Julia Meehan reports on her recession-busting approach to DIY carpet cleaning ...
An ivory carpet for a kids' bedroom is probably not the best colour - it's now covered in stains and, quite frankly, it no longer looks anything like it did in the designer magazine which inspired it.
Since I can't afford a new carpet I decided to rent a carpet cleaner called a Rugdoctor.
But when I inquired about the cost, I learned something about supply and demand in a recession. For some strange reason, the price of hiring the unit seems to have doubled: could it be that across the country, demand for these machines and the chemical solvents they use has rocketed, and therefore the prices too?
Obviously DIY carpet cleaning is the new vogue in times of financial hardship. So, in my quest to save even more of the few pennies in my purse, I advertised on our company's intranet to see if any colleagues would like to share the hire cost. Well, the response has been phenomenal.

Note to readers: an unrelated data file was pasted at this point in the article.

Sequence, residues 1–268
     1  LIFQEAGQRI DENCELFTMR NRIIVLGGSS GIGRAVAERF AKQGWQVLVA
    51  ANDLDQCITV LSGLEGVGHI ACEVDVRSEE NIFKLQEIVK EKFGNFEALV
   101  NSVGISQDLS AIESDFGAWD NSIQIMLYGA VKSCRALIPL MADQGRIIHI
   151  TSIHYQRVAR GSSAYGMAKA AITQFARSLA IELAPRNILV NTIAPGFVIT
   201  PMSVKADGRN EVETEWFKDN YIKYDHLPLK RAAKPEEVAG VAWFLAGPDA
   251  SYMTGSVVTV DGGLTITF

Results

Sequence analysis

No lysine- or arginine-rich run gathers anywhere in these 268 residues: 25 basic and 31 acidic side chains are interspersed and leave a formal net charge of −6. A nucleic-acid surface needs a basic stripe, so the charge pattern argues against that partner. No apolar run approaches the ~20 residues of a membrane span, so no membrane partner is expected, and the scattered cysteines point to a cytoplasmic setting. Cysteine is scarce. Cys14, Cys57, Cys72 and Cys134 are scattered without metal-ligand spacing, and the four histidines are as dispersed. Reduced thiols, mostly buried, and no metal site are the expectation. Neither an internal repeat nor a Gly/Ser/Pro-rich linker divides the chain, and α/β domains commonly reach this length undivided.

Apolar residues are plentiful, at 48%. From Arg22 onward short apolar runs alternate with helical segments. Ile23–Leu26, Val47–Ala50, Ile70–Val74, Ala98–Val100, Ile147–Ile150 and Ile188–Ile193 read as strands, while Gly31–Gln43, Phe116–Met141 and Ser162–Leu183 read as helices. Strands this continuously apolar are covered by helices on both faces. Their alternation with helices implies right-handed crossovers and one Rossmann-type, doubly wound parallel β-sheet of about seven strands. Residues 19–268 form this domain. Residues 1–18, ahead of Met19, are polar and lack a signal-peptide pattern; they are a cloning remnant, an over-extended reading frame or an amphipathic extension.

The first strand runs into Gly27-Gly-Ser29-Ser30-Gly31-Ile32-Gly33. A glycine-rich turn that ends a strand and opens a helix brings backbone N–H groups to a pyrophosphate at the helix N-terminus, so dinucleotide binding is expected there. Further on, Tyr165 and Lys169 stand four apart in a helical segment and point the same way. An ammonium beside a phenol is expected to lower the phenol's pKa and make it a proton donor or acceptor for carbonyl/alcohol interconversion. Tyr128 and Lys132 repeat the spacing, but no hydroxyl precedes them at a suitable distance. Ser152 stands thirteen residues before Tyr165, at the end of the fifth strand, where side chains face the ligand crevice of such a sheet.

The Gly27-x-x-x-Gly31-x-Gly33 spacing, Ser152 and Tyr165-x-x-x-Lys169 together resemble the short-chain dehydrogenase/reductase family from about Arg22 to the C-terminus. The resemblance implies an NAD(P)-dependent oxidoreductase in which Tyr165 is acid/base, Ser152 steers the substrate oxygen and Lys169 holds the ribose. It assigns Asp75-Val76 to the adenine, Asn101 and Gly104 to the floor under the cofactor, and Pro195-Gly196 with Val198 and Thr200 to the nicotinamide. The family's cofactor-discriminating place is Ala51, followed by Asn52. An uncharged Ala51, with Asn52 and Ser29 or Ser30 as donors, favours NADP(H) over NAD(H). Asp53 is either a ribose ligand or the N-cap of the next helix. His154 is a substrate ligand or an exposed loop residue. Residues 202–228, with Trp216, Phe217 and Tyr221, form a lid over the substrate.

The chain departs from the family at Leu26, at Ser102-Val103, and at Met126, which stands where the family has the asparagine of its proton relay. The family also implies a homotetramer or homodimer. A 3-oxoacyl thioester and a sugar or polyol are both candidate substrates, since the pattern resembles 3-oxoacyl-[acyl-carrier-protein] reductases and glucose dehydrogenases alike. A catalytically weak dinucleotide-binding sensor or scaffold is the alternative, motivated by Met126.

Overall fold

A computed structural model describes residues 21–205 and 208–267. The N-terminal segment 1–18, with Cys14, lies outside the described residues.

Only yesterday, while trying to talk to the polymers world, every second call I received was about my advert for the Rugdoctor hire. The calls came from far and wide, and from all walks of carpet cleaners. Despite our different needs, what we all had in common was a dirty carpet and the lack of funds to purchase a new one.
In total, I must have taken more than 15 calls from people inquiring about the share of the hire cost. At £37.50 ($51.68, €29.79) for 48 hours, it would have worked out at about £2.50 each, but owing to time and logistical issues, four people in the hire chain would prove enough. So my girls will have a carpet as good as new for approximately £9, rather than a new one costing about £500.